Merger off for Cooper Tire, Apollo

djournal-In-the-NewsBy Dennis Seid

Daily Journal

What was once called a “good marriage” dissolved into a bitter breakup Monday when Cooper Tire & Rubber Co., a major Tupelo employer, said it was terminating its merger with Apollo Tyres.

“It’s time to move our business forward,” said Cooper Tire CEO Roy Armes.

The $2.2 billion merger – which Apollo and Cooper had said was valued closer to $2.5 billion – has been fraught with obstacles since its June 12 announcement.

While the boards of both companies and their shareholders approved the merger, the deal didn’t take long to start falling apart.

Cooper’s joint venture plant in China, Cooper Chengshan Tire, went on strike in July. The 5,000 Chinese workers at the plant – which is 65 percent owned by Cooper – refused to make Cooper-branded tires and would not allow Cooper management to access key information, including sales and production figures.

Cooper also accused Apollo of delaying the merger. Apollo said Cooper had misled them on the Chinese plant; Cooper said it was a risk that Apollo knew about.

After weeks of court battles, Findlay, Ohio-based Cooper said it was time to end the deal.

“It became clear Apollo wasn’t going to close the deal,” said Cooper CFO Brad Hughes in a conference call Monday. “It’s time to move on.”

The merger would have created the world’s seventh-largest tire maker, but the CCT plant was the major sticking point. The Chinese said it would be a clash of cultures for Apollo to become the owner of the company. It also was revealed during court proceedings that Cooper’s Chinese partner, Chengshan Group, had made a merger offer prior to Apollo’s offer, but was turned down.

The strike also prevented Cooper from filing its quarterly earnings report in November, and Apollo said it was a reason why it could not secure financing for the deal.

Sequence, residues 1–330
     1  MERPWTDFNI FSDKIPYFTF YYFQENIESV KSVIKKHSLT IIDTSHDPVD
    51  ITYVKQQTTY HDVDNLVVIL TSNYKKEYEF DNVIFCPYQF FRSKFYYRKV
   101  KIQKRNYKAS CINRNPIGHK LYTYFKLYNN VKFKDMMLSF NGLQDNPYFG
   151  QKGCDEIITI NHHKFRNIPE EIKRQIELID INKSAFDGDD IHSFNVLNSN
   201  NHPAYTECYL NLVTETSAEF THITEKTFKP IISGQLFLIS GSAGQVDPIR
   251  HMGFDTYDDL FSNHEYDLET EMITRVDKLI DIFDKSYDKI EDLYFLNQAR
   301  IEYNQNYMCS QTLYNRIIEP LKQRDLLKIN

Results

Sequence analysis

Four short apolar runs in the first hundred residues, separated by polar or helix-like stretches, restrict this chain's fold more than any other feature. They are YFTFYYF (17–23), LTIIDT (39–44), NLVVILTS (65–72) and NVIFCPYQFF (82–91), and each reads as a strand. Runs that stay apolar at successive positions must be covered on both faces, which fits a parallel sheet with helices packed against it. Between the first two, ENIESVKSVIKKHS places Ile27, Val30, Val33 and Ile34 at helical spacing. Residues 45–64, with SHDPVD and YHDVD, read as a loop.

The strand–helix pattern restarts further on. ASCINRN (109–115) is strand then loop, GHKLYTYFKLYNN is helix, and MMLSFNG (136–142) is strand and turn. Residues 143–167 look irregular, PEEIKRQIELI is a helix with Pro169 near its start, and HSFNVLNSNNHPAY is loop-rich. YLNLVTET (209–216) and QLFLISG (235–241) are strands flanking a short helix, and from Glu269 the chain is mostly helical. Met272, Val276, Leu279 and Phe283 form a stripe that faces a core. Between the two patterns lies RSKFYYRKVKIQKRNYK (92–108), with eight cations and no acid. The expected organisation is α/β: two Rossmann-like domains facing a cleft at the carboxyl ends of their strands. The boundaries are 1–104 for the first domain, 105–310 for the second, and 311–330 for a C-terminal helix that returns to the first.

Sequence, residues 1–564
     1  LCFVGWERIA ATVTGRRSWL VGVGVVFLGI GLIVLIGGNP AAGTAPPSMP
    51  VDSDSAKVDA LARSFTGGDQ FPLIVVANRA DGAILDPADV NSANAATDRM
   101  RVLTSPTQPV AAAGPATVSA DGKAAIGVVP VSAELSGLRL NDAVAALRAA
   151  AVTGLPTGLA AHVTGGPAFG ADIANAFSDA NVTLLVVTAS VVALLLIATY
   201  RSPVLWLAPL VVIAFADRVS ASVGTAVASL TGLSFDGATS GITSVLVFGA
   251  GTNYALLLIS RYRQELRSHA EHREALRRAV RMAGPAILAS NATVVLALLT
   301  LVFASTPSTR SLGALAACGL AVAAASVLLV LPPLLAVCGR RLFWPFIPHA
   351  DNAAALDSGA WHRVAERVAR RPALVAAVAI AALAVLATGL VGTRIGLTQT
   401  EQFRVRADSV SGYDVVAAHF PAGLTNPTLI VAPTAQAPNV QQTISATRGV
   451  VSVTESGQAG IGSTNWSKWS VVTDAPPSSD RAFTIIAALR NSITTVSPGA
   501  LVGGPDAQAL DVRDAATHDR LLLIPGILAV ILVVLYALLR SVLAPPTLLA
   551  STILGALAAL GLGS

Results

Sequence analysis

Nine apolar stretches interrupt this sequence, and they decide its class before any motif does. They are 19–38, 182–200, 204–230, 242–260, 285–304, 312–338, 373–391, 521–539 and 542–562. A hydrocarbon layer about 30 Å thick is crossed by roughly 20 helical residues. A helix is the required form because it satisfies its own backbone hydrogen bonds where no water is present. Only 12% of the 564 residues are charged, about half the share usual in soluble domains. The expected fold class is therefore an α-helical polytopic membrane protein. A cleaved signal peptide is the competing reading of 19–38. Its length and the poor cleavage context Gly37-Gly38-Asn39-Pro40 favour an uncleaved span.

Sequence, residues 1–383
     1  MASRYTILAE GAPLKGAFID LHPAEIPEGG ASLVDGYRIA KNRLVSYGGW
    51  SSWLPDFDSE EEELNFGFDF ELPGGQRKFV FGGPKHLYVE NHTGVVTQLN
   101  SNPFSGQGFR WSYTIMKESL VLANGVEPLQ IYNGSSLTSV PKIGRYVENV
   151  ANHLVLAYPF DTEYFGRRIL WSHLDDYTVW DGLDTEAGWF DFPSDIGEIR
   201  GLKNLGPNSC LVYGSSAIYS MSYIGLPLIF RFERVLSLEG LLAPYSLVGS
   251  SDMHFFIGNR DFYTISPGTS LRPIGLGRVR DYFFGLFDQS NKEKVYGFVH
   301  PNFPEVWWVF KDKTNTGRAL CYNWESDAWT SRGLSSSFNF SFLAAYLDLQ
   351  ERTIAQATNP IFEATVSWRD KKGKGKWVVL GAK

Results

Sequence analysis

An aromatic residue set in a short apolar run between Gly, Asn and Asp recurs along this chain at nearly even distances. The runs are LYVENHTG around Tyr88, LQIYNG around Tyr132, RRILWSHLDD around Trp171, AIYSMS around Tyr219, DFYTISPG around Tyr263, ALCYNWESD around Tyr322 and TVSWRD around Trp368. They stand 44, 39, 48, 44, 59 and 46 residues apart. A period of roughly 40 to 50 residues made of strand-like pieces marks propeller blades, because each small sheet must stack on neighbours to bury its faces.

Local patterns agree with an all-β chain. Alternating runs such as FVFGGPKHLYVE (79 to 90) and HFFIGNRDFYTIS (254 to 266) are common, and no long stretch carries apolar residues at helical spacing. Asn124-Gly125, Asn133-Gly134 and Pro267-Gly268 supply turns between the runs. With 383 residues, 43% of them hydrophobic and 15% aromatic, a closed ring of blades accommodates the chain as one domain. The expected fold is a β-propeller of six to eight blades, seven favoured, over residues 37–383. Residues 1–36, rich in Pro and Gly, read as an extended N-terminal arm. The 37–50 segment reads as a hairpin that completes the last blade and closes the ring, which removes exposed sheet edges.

Apollo had asked to pay less than the original offer of $35 a share for Cooper, but Armes said he wanted to “set the record straight.”

“Cooper never received a proposal from Apollo to reduce the share price that included committed financing or that did not come with unreasonable risk for our company and our stockholders,” he said in the conference call.

In prior court filings, Cooper accused Apollo of breaching the merger agreement.

On Monday, Cooper said it would take “appropriate legal steps” against Apollo, including going after a $112.5 million reverse termination fee. Cooper also said it didn’t think a $50 million breakup fee would apply.

Armes said Cooper would now focus on resolving issues related to the CCT plant.

“The issues at CCT were driven by the merger agreement, and with the agreement now terminated, Cooper is working independently to restore normal operations at CCT. … once the situation at CCT is resolved, Cooper will be in position to address additional options for the deployment of capital targeted at returning value for our stockholders.”

He also said the company remains in good shape.

“We went into this merger in a strong position and as we exit this agreement, Cooper remains a strong company. … Cooper is expecting to continue to be profitable for the second half of 2013 and to end this year with a strong balance sheet.”

Another labor dispute with two of Cooper’s three U.S. plants – in Findlay, Ohio, and Texarkana, Ark. – also caused a headache. The United Steelworkers successfully argued that a new labor deal had to be approved by the union before a new owner could take over. A tentative agreement was reached in November.

Cooper said Monday that the USW had voted on two amendments – one if the merger fell through, one if it closed successfully. Cooper said, “we believe the amendments are mutually beneficial for both (the union and Cooper).”

Cooper’s third U.S. plant in Tupelo, which employs 1,300, is not unionized.

But Cooper will face a lawsuit from Apollo, which said it, too, would pursue damages.

“Apollo has made exhaustive efforts to find a sensible way forward over the last several months,” the company said. “However, Cooper has been unwilling to work constructively to complete a transaction that would have created value for both companies and their shareholders. Cooper’s actions leave Apollo with no choice but to pursue legal remedies for Cooper’s detrimental conduct.”

Cooper shares fell in early trading Monday on the New York Stock Exchange, but closed $1.24 higher, or 5.4 percent, at $24.20.

dennis.seid@journalinc.com